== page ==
Our city is always changing, and so is its representation onscreen. Looking at 1954’s The Far Country, with James Stewart herding cattle from Wyoming to Seattle (and thence to Alaska), Horton says “the image of Seattle was still the image of a cow town”—someplace sleepy, uncouth, and provincial (see also: Tugboat Annie). In the same montage are excerpts from MGM’s 1940 short documentary Seattle: Gateway to the Northwest. The city doesn’t look that impressive (our second great boom would come a few years later with World War II and Boeing). The gold rush still loomed large when the MGM short was made.

It was all that Seattle was really known for.

After the war, that all changed, and the boosterish 1963 Elvis vehicle It Happened at the World’s Fair exemplifies our new screen identity. Aircraft, the monorail, natural scenery, and ethnic diversity—signaled by the lost Japanese-American girl Elvis befriends—are added to our brand. “What is the idea of Seattle in people’s movie imagination?” Horton asks rhetorically. More clips provide some clues: the Space Needle in The Parallax View’s assassination scene, Tom Hanks’ romantic houseboat in Sleepless in Seattle, even the sasquatch in Harry and the Hendersons. And such signature tropes extend to TV, which gets a gallery of its own, with artifacts and clips from Twin Peaks, Here Come the Brides, and even a set approximating Frasier’s old living room.

But the age of lattes and photogenic salmon-tossing was preceded by “Seattle’s decline and rough era,” says Horton, “when you had movies actually coming to Seattle to capture all that.” Clips including Cinderella Liberty illustrate that postwar, Boeing-bust era before Starbucks and Microsoft. So does 1974’s McQ, with John Wayne’s cop prowling seedy Pioneer Square. The 1984 documentary Streetwise perhaps best exemplifies that dark period. During the same era, as drive-ins and suburban theaters drew patrons away from downtown cinemas, says Horton, “Some of these places became porno houses.” Not that our suburbs were entirely wholesome. A display of drive-in artifacts includes titles like the T&A-tastic Scorchy (1976), starring Connie Stevens as a sexy Seattle undercover agent.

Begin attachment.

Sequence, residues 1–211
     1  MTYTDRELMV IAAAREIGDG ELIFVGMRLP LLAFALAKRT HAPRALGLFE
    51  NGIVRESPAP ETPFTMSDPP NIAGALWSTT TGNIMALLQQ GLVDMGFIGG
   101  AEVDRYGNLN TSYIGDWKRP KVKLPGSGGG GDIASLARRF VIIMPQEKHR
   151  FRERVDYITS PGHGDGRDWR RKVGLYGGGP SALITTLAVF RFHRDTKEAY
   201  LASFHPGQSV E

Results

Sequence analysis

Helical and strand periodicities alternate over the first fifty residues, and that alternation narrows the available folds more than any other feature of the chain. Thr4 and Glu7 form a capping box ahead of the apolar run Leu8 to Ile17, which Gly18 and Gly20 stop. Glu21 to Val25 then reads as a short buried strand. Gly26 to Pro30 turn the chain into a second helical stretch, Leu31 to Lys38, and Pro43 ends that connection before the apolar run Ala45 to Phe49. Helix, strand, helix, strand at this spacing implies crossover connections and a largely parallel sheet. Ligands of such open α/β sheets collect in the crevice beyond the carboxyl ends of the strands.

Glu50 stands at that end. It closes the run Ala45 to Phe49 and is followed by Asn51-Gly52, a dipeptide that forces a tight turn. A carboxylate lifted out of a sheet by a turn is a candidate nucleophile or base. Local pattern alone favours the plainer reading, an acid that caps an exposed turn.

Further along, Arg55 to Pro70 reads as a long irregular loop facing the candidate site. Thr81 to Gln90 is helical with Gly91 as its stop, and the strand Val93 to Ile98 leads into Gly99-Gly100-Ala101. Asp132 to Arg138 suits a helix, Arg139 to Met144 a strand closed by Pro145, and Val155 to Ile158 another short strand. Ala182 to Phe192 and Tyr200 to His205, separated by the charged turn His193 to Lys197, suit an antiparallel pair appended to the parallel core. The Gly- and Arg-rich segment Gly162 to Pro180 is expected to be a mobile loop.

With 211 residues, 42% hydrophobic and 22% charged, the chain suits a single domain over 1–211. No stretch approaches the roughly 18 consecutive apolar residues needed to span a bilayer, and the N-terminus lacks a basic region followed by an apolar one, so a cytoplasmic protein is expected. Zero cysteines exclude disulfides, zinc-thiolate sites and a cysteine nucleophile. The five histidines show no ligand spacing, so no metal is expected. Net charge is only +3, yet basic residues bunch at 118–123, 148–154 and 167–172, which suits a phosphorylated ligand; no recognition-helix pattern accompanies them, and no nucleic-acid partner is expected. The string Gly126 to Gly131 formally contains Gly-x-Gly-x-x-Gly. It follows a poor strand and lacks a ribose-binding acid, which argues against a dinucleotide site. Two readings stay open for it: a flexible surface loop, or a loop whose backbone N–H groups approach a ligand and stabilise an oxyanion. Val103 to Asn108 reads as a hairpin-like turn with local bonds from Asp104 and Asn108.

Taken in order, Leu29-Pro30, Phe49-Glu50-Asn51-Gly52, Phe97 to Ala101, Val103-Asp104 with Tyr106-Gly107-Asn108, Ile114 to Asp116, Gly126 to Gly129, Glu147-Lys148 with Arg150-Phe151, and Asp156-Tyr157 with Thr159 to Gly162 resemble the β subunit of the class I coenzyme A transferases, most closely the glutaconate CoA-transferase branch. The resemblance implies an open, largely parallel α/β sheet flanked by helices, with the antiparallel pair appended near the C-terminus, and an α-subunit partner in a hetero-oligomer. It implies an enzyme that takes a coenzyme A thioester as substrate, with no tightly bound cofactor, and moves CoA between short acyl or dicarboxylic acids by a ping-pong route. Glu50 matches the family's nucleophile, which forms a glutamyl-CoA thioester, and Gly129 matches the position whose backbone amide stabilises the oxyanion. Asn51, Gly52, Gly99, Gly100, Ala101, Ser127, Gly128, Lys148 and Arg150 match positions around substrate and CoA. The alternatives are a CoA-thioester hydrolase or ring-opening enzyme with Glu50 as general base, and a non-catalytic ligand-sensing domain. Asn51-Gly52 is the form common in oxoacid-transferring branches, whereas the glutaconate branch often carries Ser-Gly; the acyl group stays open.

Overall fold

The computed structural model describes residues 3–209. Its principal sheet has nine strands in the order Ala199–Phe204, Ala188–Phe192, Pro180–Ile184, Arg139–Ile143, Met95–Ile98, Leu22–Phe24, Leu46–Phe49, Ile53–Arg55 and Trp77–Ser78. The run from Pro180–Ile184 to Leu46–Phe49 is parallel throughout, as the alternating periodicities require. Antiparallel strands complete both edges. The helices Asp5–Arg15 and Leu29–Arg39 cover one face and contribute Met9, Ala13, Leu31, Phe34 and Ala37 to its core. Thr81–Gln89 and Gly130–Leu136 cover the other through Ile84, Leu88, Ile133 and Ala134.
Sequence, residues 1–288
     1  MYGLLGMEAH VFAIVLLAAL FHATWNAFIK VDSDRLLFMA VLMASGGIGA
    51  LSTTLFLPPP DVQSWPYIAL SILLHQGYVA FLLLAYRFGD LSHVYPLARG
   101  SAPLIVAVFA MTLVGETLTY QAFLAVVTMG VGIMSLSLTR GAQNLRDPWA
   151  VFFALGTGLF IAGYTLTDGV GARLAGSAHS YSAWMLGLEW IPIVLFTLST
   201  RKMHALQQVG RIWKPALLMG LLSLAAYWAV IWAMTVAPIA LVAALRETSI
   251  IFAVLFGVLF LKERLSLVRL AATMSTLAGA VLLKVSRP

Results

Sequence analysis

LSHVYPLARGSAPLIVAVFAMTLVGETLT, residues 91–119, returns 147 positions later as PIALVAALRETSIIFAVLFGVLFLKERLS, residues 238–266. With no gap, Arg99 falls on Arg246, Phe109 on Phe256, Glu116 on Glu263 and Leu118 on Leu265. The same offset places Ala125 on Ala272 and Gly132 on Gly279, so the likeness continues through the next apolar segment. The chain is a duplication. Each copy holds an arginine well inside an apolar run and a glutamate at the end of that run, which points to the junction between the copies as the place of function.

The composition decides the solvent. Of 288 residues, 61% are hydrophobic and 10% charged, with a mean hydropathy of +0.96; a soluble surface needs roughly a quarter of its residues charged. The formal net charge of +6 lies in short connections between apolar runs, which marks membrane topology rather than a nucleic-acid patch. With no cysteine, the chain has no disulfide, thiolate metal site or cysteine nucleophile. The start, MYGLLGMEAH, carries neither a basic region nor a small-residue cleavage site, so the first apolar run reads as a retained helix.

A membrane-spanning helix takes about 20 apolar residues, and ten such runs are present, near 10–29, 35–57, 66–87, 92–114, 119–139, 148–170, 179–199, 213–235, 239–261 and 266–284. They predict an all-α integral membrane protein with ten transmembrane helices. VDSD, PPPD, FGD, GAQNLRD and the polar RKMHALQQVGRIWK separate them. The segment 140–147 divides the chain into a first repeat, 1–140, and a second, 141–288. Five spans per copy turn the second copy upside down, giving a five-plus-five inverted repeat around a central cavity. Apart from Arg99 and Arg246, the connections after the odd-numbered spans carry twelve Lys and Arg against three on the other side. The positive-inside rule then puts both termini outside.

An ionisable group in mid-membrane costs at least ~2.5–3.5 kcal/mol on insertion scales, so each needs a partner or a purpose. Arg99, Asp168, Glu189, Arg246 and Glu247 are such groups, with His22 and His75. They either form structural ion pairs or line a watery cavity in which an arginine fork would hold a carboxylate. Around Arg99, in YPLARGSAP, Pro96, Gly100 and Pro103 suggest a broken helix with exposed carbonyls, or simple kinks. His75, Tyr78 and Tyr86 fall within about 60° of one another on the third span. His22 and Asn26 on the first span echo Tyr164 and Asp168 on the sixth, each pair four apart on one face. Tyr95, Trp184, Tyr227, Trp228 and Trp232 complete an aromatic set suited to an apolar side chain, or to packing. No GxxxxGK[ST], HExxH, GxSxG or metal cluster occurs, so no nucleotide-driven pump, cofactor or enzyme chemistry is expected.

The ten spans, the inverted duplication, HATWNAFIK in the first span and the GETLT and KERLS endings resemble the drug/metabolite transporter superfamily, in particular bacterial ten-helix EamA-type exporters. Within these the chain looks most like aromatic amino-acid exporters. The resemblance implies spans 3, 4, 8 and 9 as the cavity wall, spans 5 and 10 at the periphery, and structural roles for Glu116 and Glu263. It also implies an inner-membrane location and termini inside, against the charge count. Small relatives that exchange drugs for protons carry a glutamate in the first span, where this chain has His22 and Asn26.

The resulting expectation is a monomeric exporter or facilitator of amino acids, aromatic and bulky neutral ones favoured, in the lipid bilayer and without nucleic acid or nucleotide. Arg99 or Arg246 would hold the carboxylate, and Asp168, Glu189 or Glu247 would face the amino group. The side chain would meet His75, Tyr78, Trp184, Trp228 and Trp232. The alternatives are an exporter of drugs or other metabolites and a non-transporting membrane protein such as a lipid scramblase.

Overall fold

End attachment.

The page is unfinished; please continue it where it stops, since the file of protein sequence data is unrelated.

Horton’s personal connection to the Seattle film scene is felt in these parts of the exhibit. “The drive-in thing came from my own experience,” says Horton. He was also in the middle of Seattle’s art-house boom. Looking at one display, he notes, “When I was 20, I was putting these posters on telephone poles” for Fassbinder and Godard retrospectives. “When I was at the UW, they had an arts-and-lectures film series in Kane Hall, and they would sell out. You didn’t have video and you didn’t have streaming.”

The old Ridgemont in Greenwood, Horton recalls, was “the Woody Allen theater in the ’80s,” where all his films would open and play for months. And it was there, from 1956 to 1971, that James Selvidge was the first local exhibitor to book Bergman, Truffaut, and Fellini movies. It was also there that A Man and a Woman ran for 63 weeks (!) during the mid-’60s. Today, by contrast, even an acclaimed import like Amour is lucky to run a month at the Guild 45th before heading to DVD. And as we see in MOHAI’s before-and-after photos, the Ridgemont was knocked down in 2001. It was replaced by a condo, whose residents today are watching movies via VOD, Amazon, and Netflix.

MUSEUM OF HISTORY & INDUSTRY 860 Terry Ave. N., 324-1126, $12–$14. Open daily 10 a.m.–5 p.m. Exhibit ends Dec. 1.